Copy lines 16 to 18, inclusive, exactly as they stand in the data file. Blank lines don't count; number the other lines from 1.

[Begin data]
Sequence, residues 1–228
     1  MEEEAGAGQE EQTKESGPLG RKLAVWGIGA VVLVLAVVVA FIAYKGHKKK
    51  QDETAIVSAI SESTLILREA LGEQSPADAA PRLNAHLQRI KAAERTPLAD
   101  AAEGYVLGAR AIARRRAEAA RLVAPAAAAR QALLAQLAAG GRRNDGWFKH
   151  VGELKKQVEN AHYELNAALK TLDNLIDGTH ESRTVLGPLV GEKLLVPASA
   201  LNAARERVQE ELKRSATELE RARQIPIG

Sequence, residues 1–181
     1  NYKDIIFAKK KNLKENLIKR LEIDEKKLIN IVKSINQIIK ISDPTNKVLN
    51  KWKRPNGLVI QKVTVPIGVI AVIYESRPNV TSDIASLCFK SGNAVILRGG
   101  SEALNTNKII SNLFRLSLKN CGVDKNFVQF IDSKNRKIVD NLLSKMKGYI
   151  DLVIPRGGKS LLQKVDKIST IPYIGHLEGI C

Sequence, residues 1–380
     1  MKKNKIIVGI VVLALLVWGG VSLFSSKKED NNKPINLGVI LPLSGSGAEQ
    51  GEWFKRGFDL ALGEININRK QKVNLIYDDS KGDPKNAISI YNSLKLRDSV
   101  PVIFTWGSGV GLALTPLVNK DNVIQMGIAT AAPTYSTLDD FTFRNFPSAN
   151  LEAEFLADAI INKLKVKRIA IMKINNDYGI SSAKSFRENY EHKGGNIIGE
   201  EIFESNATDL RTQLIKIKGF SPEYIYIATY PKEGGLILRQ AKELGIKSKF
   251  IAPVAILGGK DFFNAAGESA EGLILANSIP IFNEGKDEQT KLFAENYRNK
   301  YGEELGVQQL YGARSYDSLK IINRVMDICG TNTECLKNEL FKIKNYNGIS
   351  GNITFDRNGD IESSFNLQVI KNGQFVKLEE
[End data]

   151  LEAEFLADAI INKLKVKRIA IMKINNDYGI SSAKSFRENY EHKGGNIIGE
   201  EIFESNATDL RTQLIKIKGF SPEYIYIATY PKEGGLILRQ AKELGIKSKF
   251  IAPVAILGGK DFFNAAGESA EGLILANSIP IFNEGKDEQT KLFAENYRNK